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Definitions of Common Terms

Absent Heirs - Heirs of the decedent who cannot be located. Heirs who have left the state can appoint an agent in Louisiana if the need arises.

Acceptance without Administration - Acceptance without Administration is the most common form of succession procedure. It is sometimes referred to as a Simple Putting in Possession. It is available whenever the succession is clearly solvent and there is no need for an administration.

Domicile - The parish in which the decedent permanently resided at the time of his death. If the decedent was temporarily residing in another parish at the time of his death his domicile will remain in the last parish in which he permanently resided.

Extra-Judicial Succession - A procedure for handling an intestate succession when there is no immovable property, the heirs are ascendants, descendants, spouse or brothers and sisters of the decedent and the gross value of the estate is less than $50,000. It entails executing an affidavit, preparing a Louisiana Inheritance Tax Return, paying any taxes that are due and procuring a stamp from the collector of inheritance taxes. It is not necessary to file any pleadings in court.

Fiduciary - A person who owes a duty to another to protect that person's interest. Generally, a fiduciary has the obligation to place the interest of that other person above his or her own interest.

Forced Heirs - Heirs to whom a decedent must leave a portion of his estate. This is established by the Louisiana Constitution. Currently, forced heirs are children of the decedent who have not yet reached their 24th birthday when their parent dies, and children of the decedent who because of mental incapacity or physical infirmity will be permanently unable to take care of themselves or administering their estates. If there is one forced heir, the forced portion which must be left to that heir is 25%. If there are two or more forced heirs, the forced portion which must be left to those heirs is 50%. In no case, will the forced portion be more than that heir would inherit in an intestate succession.

Heir - A person who inherits from another person who had died intestate. A person who inherits under the terms of a valid testament is called a legatee.

Homologated - From the Latin words 'homo' meaning same and 'logis' meaning thinking. When the judge is of the same thinking as the succession representative, he homologates the document which the succession representative is proposing. This has the effect of approving the proposal and making it the judgment of the court.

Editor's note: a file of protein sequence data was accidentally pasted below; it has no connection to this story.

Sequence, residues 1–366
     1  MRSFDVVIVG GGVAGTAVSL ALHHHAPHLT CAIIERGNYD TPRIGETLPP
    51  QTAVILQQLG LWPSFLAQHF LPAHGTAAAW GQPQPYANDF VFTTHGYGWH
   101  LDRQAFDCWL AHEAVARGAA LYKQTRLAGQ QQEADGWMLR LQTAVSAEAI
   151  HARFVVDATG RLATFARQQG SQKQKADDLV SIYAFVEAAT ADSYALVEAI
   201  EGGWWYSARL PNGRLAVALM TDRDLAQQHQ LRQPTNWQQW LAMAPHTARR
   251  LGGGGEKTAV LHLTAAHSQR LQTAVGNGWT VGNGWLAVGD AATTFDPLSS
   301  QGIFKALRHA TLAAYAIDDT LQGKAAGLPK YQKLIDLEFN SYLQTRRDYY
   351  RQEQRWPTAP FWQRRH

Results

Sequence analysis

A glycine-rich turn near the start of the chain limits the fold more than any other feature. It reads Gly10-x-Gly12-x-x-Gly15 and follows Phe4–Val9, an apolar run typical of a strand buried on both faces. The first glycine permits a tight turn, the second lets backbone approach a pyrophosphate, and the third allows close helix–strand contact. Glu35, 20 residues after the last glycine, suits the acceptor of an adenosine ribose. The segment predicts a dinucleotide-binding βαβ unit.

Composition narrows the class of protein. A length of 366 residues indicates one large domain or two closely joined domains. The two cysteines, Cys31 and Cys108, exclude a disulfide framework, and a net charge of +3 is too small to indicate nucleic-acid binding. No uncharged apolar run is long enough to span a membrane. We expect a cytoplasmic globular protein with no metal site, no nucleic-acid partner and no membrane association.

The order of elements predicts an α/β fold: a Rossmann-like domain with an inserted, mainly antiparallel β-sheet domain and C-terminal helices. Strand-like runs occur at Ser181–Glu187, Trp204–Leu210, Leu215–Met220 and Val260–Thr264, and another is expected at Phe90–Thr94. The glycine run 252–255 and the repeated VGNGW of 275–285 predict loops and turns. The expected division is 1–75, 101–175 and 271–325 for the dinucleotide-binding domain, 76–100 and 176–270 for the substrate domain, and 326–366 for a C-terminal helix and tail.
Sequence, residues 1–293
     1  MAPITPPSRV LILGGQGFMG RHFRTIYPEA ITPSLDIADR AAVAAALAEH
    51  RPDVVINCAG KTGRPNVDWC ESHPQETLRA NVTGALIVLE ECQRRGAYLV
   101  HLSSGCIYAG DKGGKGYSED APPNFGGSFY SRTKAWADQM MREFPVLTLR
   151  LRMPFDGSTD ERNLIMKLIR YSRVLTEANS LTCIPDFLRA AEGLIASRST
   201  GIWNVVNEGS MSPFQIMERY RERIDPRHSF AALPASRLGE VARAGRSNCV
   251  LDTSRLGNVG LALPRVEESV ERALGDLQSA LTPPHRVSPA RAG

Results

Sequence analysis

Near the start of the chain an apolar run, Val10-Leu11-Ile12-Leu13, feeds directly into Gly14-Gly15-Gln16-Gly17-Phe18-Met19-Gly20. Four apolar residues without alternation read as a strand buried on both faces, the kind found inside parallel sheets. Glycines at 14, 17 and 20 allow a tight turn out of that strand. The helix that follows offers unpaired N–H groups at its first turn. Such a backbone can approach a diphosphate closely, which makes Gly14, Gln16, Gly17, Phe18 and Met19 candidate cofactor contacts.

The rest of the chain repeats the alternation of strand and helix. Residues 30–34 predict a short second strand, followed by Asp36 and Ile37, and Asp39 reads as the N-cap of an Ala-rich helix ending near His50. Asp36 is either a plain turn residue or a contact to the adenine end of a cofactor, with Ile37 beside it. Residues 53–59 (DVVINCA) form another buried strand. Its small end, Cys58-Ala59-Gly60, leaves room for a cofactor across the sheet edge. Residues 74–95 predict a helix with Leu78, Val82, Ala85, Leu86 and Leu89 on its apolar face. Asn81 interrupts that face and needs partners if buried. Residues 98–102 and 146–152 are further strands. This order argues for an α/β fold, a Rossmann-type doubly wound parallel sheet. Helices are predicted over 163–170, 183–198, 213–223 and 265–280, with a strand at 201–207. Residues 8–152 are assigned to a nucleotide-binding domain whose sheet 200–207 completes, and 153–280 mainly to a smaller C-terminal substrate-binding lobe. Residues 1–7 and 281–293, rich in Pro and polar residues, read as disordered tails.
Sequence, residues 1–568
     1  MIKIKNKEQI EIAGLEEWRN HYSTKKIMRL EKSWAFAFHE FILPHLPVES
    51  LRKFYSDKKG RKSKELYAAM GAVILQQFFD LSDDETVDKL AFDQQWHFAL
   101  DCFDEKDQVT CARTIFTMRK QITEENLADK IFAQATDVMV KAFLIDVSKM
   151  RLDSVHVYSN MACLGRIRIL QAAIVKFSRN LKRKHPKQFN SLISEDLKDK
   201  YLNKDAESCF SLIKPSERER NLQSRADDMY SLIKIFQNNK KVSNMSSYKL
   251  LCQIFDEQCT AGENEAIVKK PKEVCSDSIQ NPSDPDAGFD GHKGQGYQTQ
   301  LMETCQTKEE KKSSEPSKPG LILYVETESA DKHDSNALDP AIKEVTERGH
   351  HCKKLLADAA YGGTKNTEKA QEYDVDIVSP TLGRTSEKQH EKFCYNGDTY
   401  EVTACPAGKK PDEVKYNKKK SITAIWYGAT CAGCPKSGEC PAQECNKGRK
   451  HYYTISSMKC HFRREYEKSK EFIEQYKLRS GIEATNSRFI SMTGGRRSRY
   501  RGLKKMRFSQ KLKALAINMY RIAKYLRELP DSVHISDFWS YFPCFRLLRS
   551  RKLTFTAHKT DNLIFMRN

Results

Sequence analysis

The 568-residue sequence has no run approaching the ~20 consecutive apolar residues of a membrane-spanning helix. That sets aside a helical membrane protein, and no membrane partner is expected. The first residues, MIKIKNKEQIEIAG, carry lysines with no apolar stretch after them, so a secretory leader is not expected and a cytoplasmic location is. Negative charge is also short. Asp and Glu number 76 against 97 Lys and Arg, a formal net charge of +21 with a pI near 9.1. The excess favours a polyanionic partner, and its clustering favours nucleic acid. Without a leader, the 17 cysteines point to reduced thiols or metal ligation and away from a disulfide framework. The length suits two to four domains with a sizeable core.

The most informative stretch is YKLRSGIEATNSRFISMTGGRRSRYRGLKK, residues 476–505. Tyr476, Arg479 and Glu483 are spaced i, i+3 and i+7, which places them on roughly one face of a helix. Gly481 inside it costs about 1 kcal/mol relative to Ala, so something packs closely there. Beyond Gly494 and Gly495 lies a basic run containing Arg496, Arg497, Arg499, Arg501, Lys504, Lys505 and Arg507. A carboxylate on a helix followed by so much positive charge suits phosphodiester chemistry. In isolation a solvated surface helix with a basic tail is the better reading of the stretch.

Immovable Property - Generally, this term applies to real estate, but it can also include an interest in real estate that is not full ownership. For example, a long term lease of ground for construction of an office building, a mineral servitude, or being the payee on a loan which is secured by a mortgage on immovable property are immovables.

Intestate - When a person dies without having executed a testament, or if he had executed a testament, it was revoked by the testator before he died or if the testament was declared invalid by a court of law.

Judgment of Possession - A judgment in a succession procedure which recognizes who are the heirs or legatees of the decedent and transfers all of the property to those heirs or legatees. It usually orders all financial institutions and stock transfer agents to turn over the accounts and stocks in the name of the decedent to his heirs or legatees.

Jurisdiction - The power of a court to hear a case. In succession proceedings, the only court which has jurisdiction is the court for the parish in which the decedent was domiciled at the time of his death. If the decedent resided outside of Louisiana at the time of his death, any parish in which he owned immovable property has jurisdiction to resolve any questions concerning that immovable property.

Legatee - A person who inherits from another under the terms of a valid testament.

Olographic Testament - A handwritten testament. It must be entirely hadnwritten by the testator, dated, signed by the testator at the end and contain language which clearly indicates that he intends that document to be his testament. Our experience shows that the majority of cases where the validity of the testament was challenged were olographic testaments, even though olographic testaments only makeup a small percentage of testaments that are probated.